Nanotube could mean evolution of storage devices
post-template-default,single,single-post,postid-1438,single-format-standard,ajax_fade,page_not_loaded,,qode-title-hidden,side_area_uncovered_from_content,qode-content-sidebar-responsive,qode-theme-ver-13.8,qode-theme-bridge,wpb-js-composer js-comp-ver-5.0.1,vc_responsive

Nanotube could mean evolution of storage devices

In the last 60 years, a number of different hardware storage devices have come and gone, all with varying levels of success. Much of this has to do with how flexible they are and how cost effective it seems to companies to employ these new solutions. In many cases, these methods are abandoned, but modern tools play tribute to those that have seen the greatest success over time. Disk, tape, Flash and cloud implementations seem here to stay, but each has its own difficulties and shortcomings that make it unappealing to entities for one reason or another.

The last few months have given rise to a pair of new device solutions that seem equally unlikely to succeed, though IBM touts one as far more viable than the other. With such substantial backing, it could be that nanotube storage and information management could be the wave of the future.

Making new wavesNot long ago, Hitachi announced it had come up with a way of putting massive amounts of information into a piece of quartz, created by melting a series of dots into a piece of weather-resistant glass, which can then be read back using a specialized microscope. While this form of storage may be able to safely and securely store information for thousands of years, Cloud Times wrote, it is highly impractical and expensive for most companies to employ. Similarly, Harvard University uncovered a way to write data to DNA and print it in mass volumes, Extreme Tech wrote, but this is also constructively expensive and impractical.

These innovations in hardware technology show that there is still plenty of ground to be covered in terms of finding new, secure forms of storage and information transportation. While the cloud may offer higher levels of collaboration and connectivity, it does not necessarily create the most secure network in terms of corporate continuity. For that, other businesses have found ways of building more practical solutions.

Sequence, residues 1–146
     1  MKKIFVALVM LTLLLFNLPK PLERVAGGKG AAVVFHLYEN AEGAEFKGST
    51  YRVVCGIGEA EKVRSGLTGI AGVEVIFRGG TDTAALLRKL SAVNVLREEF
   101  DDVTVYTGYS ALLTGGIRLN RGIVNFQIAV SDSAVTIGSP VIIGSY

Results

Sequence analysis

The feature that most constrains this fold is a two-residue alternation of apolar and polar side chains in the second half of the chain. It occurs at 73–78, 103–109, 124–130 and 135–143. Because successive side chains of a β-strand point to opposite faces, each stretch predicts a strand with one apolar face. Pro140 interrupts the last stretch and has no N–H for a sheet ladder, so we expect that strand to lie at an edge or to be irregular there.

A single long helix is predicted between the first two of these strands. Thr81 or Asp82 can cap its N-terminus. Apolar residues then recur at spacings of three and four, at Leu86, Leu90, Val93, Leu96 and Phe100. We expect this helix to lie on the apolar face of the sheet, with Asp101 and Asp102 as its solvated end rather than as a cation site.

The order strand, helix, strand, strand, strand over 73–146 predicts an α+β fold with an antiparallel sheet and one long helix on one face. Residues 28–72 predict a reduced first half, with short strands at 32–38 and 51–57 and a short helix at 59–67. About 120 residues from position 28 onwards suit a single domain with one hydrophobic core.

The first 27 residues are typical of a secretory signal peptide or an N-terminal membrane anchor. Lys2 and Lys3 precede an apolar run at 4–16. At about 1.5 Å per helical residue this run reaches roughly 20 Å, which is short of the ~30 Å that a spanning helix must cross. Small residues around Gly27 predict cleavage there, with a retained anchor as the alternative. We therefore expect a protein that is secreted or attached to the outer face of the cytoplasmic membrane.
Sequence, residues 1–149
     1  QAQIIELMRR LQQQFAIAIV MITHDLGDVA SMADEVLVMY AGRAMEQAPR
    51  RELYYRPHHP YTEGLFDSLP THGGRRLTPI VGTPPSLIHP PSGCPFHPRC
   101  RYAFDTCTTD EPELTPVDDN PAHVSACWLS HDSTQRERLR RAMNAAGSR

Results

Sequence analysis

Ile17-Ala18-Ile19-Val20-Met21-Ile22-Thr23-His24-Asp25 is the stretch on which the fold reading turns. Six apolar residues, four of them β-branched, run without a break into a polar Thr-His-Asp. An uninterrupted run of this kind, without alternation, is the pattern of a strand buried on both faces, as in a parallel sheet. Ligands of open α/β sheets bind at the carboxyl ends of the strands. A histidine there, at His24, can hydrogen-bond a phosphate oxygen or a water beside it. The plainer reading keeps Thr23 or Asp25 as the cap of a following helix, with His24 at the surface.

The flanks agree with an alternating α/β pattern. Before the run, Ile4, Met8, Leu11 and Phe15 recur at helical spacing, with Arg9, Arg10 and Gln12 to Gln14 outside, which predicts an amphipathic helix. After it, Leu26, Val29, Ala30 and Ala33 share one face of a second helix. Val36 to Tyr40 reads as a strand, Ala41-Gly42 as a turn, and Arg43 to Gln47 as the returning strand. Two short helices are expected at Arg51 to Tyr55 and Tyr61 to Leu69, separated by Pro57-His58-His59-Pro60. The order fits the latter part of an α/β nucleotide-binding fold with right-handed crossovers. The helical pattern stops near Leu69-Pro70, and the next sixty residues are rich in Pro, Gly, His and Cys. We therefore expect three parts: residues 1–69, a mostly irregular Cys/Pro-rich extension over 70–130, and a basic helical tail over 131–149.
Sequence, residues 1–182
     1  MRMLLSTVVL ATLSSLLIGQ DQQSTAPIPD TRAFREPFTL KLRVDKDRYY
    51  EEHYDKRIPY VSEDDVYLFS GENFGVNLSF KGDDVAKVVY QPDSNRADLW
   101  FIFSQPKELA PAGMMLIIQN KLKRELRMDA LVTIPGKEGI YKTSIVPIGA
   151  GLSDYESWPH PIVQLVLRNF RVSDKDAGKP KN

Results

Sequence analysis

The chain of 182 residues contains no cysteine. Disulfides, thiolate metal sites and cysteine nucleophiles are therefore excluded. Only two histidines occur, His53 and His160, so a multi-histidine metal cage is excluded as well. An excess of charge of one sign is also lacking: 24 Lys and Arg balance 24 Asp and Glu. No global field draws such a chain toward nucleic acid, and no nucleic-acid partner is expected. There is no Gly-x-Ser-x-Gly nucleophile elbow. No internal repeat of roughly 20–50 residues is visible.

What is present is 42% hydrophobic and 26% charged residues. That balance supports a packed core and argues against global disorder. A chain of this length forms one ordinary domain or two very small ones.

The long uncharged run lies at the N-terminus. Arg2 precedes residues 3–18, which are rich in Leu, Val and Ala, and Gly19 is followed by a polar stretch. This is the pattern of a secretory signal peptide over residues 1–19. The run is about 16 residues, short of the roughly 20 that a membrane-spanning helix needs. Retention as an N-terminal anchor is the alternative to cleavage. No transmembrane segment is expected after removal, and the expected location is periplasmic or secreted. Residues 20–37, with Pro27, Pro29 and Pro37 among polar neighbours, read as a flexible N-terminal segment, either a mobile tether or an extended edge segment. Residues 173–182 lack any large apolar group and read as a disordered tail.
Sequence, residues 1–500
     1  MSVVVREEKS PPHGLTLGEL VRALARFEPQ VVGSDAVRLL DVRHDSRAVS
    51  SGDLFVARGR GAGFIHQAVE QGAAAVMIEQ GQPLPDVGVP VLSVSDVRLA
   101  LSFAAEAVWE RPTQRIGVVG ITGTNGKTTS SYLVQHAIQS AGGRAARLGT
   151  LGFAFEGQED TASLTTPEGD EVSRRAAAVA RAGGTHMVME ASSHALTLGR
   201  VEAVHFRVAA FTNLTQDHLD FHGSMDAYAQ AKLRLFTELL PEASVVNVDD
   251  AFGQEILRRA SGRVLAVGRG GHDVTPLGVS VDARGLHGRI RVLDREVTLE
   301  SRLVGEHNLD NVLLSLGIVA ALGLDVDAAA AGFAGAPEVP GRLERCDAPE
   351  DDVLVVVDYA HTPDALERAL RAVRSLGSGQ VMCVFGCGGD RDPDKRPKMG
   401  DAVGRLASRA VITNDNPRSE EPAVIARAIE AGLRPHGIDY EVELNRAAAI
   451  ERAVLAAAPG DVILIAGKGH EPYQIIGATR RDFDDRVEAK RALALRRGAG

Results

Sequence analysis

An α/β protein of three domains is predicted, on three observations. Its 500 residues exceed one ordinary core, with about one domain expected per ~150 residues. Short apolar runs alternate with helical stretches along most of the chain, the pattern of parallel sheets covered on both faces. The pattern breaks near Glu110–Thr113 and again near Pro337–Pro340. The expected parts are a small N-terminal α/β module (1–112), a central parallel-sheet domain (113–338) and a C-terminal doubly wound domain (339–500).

A better futureIBM has come up with a tool that is both state-of-the-art and affordable, tapping into resources that many experts have long suspected of being more versatile than they have proven in the past. According to PC Magazine, scientists have finally made headway in using carbon nanotubes in a way that makes them more accessible to storage features.

Its newest creation involves nanotubes, carbon atoms structured into cylindrical shapes, which the company hopes will replace its current chip technology, CNET reported. IBM wants an option that can store deeper volumes of information in the same square inch as its previous devices without using any extra resources, allowing computers and drives to run just as efficiently but without the additional strain a larger resource might incur. The company has created a tool with more than 10,000 transistors, making it one of the largest arrays in existence for devices of its size. As a replacement for older silicon chips, IBM hopesl that nanotubes will be able to revitalize the industry and create a more affordable solution with more storage capability.

IBM told the New York Times that it intends to create purer nanotube specimens in the future, which will allow for faster storage transference times and higher accuracy in hardware arrays. These forms of technology, even glass and DNA, show that there are still huge leaps in technology for manufacturers to go through. The future of information storage is just as varied as the data it is meant to store.